MX vs ATV is back with a new game, also throwing UTV (utility terrain vehicles) into the mix. But, if you’re expecting a close-fought battle, I’m sorry to spoil it: MX wins. By some margin.
MX vs ATV Unleashed was one of my favourite games, and Rainbow Studios have, over the years struggled to recover the magic that made that great. The good news is that MX vs ATV Legends shows great promise, but sadly it’s very much laying the groundwork for future releases as Legends is anything but legendary.
Beginning with a lengthy tutorial, it’s nice to have an MX game that actually takes the time to explain all of the dynamics to you. It’s a bit slow but at least you get the hang of it, until you start to understand the dynamics of controlling the bike with the right stick, and using the ability to flip in the air using triggers. There’s a weird combination of commands to balance weight on the bike and preload for jumps which boggles the mind and seems unnecessary and complex vs. the Milestone games which typically use the left stick for the bike and the right stick for the rider.
The complexity increases through the tutorial to a point where I’m screaming ‘but I am pressing it’ at the TV as it won’t let me move on, before learning that I simply need to drive to the end point of each tutorial to progress, so can just go around the jumps. The tutorial is over, and it’s time to see what the game is all about.
Set in an open-world hub area, there are people to talk to. This acts as a paper-thin plot between career progression which is set between each of the specific disciplines. Racing around it gives you a good feel for the bike, which is actually a delight to control, notwithstanding the stick issues mentioned earlier. It feels fast and nimble, with a good sense of speed. It lacks the slightly flakey, over-sensitive springy handling of the Milestone games which I enjoyed, and I suppose if you are going to focus on anything, then the handling is the one to go for. This is what was decided clearly at Rainbow, as the visuals and audio are awful.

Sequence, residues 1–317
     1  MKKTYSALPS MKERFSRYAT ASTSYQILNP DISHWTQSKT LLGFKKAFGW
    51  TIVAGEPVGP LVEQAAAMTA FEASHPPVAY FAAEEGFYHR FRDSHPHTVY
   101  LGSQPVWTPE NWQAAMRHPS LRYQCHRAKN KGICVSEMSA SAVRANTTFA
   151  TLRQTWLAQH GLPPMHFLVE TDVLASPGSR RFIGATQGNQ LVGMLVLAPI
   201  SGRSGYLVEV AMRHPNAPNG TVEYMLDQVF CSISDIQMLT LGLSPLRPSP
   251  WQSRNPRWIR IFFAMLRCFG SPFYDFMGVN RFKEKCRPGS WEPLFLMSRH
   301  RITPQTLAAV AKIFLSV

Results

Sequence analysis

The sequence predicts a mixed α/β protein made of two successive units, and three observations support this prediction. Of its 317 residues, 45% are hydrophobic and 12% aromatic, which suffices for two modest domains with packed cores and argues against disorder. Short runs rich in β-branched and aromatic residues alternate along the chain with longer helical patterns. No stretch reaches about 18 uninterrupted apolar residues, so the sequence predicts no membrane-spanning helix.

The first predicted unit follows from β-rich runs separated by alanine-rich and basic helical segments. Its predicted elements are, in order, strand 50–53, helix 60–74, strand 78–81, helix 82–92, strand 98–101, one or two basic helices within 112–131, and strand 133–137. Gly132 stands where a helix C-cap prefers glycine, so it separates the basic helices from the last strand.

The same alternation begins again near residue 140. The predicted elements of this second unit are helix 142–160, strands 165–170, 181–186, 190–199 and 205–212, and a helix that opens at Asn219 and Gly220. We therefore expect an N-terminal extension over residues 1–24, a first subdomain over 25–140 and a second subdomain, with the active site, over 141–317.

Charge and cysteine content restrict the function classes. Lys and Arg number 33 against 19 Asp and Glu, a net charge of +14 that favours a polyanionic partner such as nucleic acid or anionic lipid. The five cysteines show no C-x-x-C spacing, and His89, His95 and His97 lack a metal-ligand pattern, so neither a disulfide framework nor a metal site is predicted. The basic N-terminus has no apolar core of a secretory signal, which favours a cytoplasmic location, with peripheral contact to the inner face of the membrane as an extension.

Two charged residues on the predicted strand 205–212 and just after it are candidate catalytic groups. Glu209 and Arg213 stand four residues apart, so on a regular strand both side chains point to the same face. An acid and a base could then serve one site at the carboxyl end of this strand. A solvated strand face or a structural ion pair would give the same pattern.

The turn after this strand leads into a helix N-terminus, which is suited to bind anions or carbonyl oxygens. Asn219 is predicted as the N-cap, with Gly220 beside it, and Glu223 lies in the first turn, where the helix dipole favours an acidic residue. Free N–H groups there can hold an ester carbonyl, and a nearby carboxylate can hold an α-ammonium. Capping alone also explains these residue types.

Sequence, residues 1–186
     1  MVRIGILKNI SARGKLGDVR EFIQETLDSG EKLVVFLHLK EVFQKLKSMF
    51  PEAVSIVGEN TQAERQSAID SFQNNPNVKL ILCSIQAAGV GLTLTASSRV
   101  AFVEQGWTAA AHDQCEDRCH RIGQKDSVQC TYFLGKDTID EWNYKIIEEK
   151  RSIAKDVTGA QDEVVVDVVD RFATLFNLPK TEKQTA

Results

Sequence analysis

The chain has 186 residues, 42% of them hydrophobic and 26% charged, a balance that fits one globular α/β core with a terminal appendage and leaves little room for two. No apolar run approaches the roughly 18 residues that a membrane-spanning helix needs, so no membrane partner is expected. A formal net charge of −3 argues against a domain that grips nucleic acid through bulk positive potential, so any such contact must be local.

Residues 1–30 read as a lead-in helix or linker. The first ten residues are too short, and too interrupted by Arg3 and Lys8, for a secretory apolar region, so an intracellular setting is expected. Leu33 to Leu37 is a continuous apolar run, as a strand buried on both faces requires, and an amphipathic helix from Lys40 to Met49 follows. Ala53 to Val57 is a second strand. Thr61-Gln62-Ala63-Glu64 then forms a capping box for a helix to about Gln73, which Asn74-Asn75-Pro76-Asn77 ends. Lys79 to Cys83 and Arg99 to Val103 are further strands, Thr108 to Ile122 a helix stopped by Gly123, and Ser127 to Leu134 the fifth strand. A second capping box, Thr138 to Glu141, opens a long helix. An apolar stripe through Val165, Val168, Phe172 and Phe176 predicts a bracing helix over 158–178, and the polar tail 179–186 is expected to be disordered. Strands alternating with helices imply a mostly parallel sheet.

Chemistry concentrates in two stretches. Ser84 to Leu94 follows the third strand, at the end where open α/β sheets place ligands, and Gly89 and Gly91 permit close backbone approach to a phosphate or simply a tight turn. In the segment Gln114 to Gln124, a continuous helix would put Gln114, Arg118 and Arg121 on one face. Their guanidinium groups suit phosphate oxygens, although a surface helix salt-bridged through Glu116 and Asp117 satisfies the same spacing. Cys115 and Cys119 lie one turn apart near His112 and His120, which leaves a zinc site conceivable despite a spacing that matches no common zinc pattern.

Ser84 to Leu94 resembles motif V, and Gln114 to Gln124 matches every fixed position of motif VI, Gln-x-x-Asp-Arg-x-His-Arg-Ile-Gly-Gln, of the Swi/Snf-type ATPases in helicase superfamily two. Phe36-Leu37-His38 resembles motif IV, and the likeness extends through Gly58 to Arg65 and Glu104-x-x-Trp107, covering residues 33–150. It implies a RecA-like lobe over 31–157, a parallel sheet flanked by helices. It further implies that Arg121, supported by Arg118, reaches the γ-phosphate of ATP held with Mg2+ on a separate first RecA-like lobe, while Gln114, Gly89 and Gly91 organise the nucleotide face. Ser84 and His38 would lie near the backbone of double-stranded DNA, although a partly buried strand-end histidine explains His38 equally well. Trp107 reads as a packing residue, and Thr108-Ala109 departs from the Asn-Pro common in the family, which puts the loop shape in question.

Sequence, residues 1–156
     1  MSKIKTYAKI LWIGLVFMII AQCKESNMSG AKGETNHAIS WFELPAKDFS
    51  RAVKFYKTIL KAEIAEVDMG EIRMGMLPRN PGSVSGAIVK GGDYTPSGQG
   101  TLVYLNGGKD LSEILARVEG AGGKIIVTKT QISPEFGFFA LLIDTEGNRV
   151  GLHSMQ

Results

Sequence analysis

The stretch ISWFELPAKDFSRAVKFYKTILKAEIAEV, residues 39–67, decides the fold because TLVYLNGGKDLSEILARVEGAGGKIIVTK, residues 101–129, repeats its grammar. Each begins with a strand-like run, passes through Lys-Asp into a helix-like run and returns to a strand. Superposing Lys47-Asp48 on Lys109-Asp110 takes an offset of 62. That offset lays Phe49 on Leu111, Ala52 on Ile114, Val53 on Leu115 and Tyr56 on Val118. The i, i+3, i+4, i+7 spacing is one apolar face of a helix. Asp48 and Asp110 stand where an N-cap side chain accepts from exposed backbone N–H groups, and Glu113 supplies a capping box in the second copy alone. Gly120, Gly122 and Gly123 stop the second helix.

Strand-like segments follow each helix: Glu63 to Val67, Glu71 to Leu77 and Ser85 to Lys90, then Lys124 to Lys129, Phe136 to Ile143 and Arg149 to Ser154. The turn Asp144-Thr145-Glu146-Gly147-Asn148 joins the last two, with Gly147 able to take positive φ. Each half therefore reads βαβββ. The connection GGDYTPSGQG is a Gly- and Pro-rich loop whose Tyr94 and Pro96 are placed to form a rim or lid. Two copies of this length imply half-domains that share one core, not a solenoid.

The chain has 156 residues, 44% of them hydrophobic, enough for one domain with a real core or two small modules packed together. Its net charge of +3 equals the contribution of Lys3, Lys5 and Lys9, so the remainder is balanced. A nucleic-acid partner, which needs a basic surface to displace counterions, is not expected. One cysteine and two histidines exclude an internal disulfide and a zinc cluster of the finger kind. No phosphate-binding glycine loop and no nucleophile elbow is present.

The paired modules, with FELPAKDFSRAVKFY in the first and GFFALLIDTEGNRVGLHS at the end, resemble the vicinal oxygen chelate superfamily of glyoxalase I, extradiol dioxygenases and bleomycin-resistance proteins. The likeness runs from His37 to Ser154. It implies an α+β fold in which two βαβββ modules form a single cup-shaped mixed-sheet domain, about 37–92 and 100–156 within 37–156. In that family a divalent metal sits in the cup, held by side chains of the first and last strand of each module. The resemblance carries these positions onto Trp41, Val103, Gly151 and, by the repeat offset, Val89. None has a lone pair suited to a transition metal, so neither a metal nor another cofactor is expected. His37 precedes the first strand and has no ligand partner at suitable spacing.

It’s not, initially too bad to look at. Then it moves, and it’s a bucket of yuck. Pop-in, frame stuttering, and gross textures are all over the place and clash with some actually rather nice-looking artefacts. The sound is even worse – it sounds incredibly low res as you rev your bike, and getting into a race the audio mix is all over the place, with opponents far away seeming way louder than yours. Tannoy system music blasts out across the tracks and changes depending on your location, which is good. But the track noise as you go onto off-road bits just completely dies, it’s like it’s streaming the sound on a dial-up connection, as it cuts in and out. I solved this by turning the volume off and listening to Spotify.
There’s some purpose to the hub area outside of being a practice ground, with some collectables to find which gives you a reason to race about, in turn helping you perfect your skills. All off-road MX and SX bike games are having this at the moment, and if I’m honest feels like a bit of a waste of development resources. It’s nice it’s there, but does it add anything?
Bikes in the bag then, despite issues, but what about the other vehicles? ATVs are dross, really. They handle like garbage, and the animations take a bigger hit than the bikes. Essentially, on MX and ATV, your riders will sit or stand depending on if they want to preload for jumps, so the AI is up and down around you all the time. The problem is there are only two frames of animation for this – up, and down. No in-between. As a result, you get a horribly, poppy, stuttering mess on screen. First-person mode helps as you’re more focused on not crashing your face into the ground until they get in front of you when it’s an instant seizure warning.
UTVs are a bit like buggy races but with a car chassis. They make the most of the tracks, although oddly some of them get very tight and winding, which can result in huge pile-ups. They slide nice enough and actually are more fun to drive than ATVs as long as you avoid the jumps, then they float.
Let’s talk tracks then – which are pretty decent. There’s a big variety, ranging from the classic stadium MX tracks to outdoor supercross ones, and sprawling outside locations around mountains and various landscapes. Deformation is cool too, and the experience you’re belting about (assuming you’re in the bikes) is actually not bad.
In summary, MX vs ATV Legends is not good. It has its moments, but these are too sandwiched between poor graphics, animation, sound, career progression and online play (which is also a hot mess). It’s tough to recommend on this basis. A recent patch made some improvements but the bigger issues are yet to be addressed, so worth holding off until then.
Reviewed on PS5